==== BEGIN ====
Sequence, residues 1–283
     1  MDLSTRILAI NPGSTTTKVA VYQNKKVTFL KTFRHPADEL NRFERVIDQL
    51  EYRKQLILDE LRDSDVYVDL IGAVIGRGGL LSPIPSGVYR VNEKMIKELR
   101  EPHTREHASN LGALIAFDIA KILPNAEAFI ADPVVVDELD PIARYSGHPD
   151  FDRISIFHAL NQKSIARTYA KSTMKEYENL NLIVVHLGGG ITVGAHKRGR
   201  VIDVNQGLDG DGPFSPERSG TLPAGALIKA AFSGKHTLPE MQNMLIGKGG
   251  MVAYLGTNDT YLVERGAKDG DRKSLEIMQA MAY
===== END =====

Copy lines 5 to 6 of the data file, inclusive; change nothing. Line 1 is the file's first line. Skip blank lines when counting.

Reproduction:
   151  FDRISIFHAL NQKSIARTYA KSTMKEYENL NLIVVHLGGG ITVGAHKRGR
   201  VIDVNQGLDG DGPFSPERSG TLPAGALIKA AFSGKHTLPE MQNMLIGKGG